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The main conflicts that arose over the Vietnam War Memorial, and the main barriers to its creation, came about because of its design and, perhaps, the identity of its designers. Many on the conservative side of American society (though not all) opposed the design for the memorial because they felt that it was excessively negative.
The Vietnam War is a controversial war in our history. It is a war that we lost. It is also a war that divided us. Many Americans believed, and many still believe, that the US should never have been involved in the war. Together, these factors mean that this is a war that cannot be remembered in a triumphant way. We cannot celebrate having won the war and we cannot even celebrate it as an unequivocally “good” war to have fought.
Conservatives generally feel that it was right for the US to fight the war. They feel that the war was lost because of a lack of support from unpatriotic elements of US society. They saw the design of the memorial as a symbol of this lack of support. The design did not include any statues of heroic soldiers. It did not include an American flag. It was black and it was mostly below the surrounding ground level. For these reasons, it seemed too somber and too negative. It seemed like a negative commentary on the war. For these reasons, and perhaps because of the fact that the designer was young and female, the design was seen as unpatriotic and not sufficiently respectful of those who fought in the war.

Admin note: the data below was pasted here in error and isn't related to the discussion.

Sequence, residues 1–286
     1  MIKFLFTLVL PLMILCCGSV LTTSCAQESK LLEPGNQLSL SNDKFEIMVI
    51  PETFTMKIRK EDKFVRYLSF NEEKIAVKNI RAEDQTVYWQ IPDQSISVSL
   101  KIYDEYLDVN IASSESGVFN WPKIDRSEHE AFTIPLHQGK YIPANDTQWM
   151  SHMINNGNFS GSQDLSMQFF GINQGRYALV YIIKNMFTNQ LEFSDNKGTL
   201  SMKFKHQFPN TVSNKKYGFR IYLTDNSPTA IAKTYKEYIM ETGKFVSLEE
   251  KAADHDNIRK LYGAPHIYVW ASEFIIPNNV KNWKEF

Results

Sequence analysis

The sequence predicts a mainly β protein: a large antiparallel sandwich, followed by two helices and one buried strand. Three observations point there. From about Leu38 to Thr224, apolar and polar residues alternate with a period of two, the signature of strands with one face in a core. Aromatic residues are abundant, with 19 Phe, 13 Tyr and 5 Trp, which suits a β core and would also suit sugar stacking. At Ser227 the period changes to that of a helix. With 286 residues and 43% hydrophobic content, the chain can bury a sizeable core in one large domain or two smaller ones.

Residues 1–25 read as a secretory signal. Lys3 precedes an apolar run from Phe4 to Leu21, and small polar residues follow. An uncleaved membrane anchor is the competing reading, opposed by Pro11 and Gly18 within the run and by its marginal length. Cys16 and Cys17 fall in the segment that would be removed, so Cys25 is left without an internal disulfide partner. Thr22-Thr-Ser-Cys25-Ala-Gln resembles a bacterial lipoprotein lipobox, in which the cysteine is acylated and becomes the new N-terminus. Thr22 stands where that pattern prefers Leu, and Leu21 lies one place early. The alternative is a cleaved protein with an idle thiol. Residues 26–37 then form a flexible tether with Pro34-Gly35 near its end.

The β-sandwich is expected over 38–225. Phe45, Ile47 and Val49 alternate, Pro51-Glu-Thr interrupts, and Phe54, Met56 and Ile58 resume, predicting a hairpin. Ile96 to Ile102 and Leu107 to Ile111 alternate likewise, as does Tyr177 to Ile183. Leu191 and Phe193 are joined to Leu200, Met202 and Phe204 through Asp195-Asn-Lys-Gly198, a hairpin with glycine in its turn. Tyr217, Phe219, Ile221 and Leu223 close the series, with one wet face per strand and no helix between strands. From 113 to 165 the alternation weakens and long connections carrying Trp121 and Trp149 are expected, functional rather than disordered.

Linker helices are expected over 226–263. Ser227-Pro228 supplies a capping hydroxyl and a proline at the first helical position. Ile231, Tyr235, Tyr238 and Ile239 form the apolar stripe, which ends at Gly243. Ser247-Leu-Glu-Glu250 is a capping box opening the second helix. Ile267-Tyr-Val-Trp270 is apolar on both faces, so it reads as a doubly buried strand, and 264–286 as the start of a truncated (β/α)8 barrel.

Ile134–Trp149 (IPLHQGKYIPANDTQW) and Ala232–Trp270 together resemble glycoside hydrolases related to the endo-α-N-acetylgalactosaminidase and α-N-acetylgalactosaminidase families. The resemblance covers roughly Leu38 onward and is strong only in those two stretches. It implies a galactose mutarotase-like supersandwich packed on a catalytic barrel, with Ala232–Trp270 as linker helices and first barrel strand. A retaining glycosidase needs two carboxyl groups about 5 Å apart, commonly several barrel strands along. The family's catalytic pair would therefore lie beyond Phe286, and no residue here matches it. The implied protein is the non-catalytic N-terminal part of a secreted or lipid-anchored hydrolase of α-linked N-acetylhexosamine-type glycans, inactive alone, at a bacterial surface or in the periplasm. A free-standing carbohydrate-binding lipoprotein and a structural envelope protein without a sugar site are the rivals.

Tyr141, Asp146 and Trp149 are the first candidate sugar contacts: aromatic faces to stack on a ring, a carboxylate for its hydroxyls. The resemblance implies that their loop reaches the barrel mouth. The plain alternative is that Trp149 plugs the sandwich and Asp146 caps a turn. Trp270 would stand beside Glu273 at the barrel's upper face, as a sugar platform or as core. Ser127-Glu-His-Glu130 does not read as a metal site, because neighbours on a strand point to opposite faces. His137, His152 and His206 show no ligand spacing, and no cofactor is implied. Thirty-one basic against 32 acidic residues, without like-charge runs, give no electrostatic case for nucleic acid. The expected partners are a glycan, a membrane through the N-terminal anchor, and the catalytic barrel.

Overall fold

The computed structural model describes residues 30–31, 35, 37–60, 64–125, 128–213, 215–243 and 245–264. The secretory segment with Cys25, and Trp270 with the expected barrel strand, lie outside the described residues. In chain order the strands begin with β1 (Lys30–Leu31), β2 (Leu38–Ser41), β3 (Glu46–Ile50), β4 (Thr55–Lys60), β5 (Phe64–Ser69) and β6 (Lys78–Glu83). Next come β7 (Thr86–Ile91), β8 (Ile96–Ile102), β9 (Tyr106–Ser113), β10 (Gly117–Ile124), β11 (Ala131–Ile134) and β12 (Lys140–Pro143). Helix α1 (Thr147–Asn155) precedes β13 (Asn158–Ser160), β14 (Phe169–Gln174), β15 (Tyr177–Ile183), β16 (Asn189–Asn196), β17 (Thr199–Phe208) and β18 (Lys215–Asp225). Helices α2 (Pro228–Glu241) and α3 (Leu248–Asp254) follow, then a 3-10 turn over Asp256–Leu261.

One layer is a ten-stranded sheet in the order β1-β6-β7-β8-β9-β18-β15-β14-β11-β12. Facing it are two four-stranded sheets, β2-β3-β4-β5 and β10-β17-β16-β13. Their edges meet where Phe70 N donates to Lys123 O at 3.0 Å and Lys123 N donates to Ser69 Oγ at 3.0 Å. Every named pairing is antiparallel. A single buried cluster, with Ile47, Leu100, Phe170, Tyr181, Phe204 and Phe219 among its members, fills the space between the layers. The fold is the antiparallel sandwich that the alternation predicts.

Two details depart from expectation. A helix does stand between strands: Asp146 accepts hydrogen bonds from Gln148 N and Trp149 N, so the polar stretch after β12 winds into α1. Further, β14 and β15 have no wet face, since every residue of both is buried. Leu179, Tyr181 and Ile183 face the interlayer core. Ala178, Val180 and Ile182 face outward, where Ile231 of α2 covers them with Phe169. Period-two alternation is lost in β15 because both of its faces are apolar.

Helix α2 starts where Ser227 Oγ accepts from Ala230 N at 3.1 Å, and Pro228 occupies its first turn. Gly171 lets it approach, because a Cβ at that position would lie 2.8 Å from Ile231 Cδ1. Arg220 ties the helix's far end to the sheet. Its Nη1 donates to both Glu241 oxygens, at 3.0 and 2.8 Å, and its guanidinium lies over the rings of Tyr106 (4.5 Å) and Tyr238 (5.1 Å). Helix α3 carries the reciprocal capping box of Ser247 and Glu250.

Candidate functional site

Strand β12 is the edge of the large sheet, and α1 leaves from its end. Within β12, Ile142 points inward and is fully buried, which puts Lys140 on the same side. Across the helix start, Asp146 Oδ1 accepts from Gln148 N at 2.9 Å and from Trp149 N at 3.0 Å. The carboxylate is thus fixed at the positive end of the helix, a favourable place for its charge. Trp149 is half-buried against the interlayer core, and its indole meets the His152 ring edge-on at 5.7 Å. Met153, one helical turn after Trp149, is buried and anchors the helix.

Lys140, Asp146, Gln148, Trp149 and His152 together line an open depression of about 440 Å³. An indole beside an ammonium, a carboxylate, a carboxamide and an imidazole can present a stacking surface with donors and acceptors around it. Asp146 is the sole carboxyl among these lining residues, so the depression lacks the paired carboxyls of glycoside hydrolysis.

Since the memorial was built, most criticisms have faded away and the wall has become something of an icon.
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